A nuclear energy revival is needed to stabilize the world's warming climate at the lowest-cost possible but the future might be in jeopardy if nuclear technologies fail to cut costs and receive government support, concluded a new study by the Massachusetts Institute of Technology.
The MIT Energy Initiative's newly released "The Future of Nuclear Energy in a Carbon-Constrained World" study analyzes what is needed to accelerate the growth of nuclear energy capacity around the world, which currently contributes to just 11% of worldwide electricity and 5% of global primary energy production. Researchers and faculty at the Idaho National Laboratory, University of Madison-Wisconsin, Harvard University and elsewhere also contributed to the study.
"Realizing nuclear energy's potential is essential to achieving a deeply decarbonized energy future," Jacopo Buongiorno, the study's co-chair and an MIT nuclear science professor, said in a press release. Focusing on just deploying renewables, energy efficiency and conservation measures will not cut it, the study said.
As agreed to in the Paris Agreement on climate change, the world must drastically cut emissions to limit greenhouse gas concentrations in the atmosphere to 450 parts per million carbon dioxide equivalent in order to prevent global average temperatures from rising beyond a 2-degree Celsius increase by 2050.
For instance, in order for the United States to reach its 2050 climate stabilization goal, the study said the country would need to cut CO2 emissions from the electric sector by more than 97% — or from 500 grams carbon dioxide equivalent per kilowatt-hour, or gCO2eq/kWh, in 2010 to less than 15 gCO2eq/kWh in 2050. A separate study by MIT researchers estimates that emissions around the world need to be reduced to almost 1 gCO2eq/kWh to keep within a 2-degree rise.
The MIT study found that nuclear, under various "optimal capacity mixes," reduces the costs of reining in emissions and that cost-cutting nuclear technologies could cut costs even further.
"We find that higher system costs are always associated with greater amounts of installed renewable capacity (both wind and solar) combined with battery storage," explained the study. As a result of renewables’ intermittency, the study said system costs increase as large amounts of installed renewable and battery storage capacity are needed to ensure that electricity demand is always met.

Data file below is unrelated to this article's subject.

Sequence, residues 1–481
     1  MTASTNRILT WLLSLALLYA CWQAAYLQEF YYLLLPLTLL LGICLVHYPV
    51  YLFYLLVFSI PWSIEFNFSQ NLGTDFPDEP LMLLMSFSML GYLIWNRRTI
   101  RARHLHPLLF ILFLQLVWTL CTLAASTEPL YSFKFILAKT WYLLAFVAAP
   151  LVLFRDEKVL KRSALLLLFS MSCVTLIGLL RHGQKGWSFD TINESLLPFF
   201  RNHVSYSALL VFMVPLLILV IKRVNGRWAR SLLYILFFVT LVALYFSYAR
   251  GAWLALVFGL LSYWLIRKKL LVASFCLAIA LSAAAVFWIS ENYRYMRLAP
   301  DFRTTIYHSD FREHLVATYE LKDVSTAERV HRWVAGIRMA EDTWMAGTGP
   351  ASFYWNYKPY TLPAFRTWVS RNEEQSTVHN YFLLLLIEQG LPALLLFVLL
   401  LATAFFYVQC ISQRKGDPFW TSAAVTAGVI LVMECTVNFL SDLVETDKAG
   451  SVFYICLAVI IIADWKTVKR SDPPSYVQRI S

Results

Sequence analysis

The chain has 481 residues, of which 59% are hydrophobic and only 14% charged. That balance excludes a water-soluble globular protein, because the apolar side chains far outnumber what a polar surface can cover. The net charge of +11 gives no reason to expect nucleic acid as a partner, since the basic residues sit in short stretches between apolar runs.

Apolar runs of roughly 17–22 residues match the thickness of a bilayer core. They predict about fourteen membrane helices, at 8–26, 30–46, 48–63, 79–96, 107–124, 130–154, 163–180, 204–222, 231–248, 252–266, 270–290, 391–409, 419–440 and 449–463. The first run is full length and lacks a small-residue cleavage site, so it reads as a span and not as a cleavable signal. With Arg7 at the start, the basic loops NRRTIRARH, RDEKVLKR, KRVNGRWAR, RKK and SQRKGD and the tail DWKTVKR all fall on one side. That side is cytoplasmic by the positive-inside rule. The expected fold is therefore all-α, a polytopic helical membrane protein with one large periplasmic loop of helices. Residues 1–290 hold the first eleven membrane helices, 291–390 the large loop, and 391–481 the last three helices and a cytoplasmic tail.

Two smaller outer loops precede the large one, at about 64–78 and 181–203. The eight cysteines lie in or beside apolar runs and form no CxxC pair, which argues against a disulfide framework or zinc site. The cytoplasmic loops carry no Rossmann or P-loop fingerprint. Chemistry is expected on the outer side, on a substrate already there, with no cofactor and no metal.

For instance, to limit emissions at 10 gCO2eq/kWh, New England’s generation mix in 2050 would amount to roughly $125/MWh without nuclear, with a total installed capacity of 122 GW, while including nuclear would decrease those costs by $17.93/MWh, or 16.3%. Under such a scenario nuclear would constitute about 45% of New England's 43 GW total installed capacity with a nominal oversight capital cost of $5,500/kWe in 2050.
Under a third scenario that foresees low-cost nuclear constituting about 55% of New England's 40-GW optimal portfolio mix, system costs would decrease further by $31.64/MWh, or 32.8%, if nuclear has an improved overnight capital cost of $4,100/kWe, or about 25% cheaper than currently projected for 2050.
But the growing construction cost of new nuclear power plants is undermining these possibilities, said the MIT study. Seeking to reverse this trend by analyzing recent light water reactor projects under construction, the study recommended a shift away from capital-intensive "field construction" to "serial manufacturing of standardized plants" in factories and shipyards. The study also backed the incorporation of inherent safety features into reactor designs, such as meltdown-proof passive cooling in molten salt reactor designs. These safety features will also ease their licensing requirements and accelerate deployment, the study said.
Government support is also especially needed to craft favorable regulation for nuclear, level the playing field for all low-carbon energy technologies, including nuclear, and to spur private investment in advanced nuclear technologies, the study said.
The study outlined other various ways for governments to support nuclear, including paying credits to uneconomic nuclear power plants for avoided emissions in order to prevent premature reactor closures. The study also recommended government funding go towards the development and demonstration of new nuclear technologies to help ease project costs and risks.
The publication of MIT's recommendations coincided with the annual release of the World Nuclear Industry Status Report by nuclear consultant Mycle Schneider. The WNISR's latest edition attributed the 1% increase of worldwide nuclear generation in 2017 mostly to 38 TWh of new nuclear capacity in China. Otherwise, the study showed that nuclear reactors are decommissioning at a far faster rate than they are being built around the world, as the mean age of the world's fleet of reactors reaches 30 years old.
"Unless the nuclear industry, in the next few years, is able to develop commercially available, smaller, factory-assembled, modular reactors, at lower cost … — the prospects of which seem remote — it is hard to see how nuclear has a place in our energy transition 4.0 or the 4th industrial revolution," said Anton Eberhard, a Cape Town University professor in energy economics, in the WNISR report's foreword.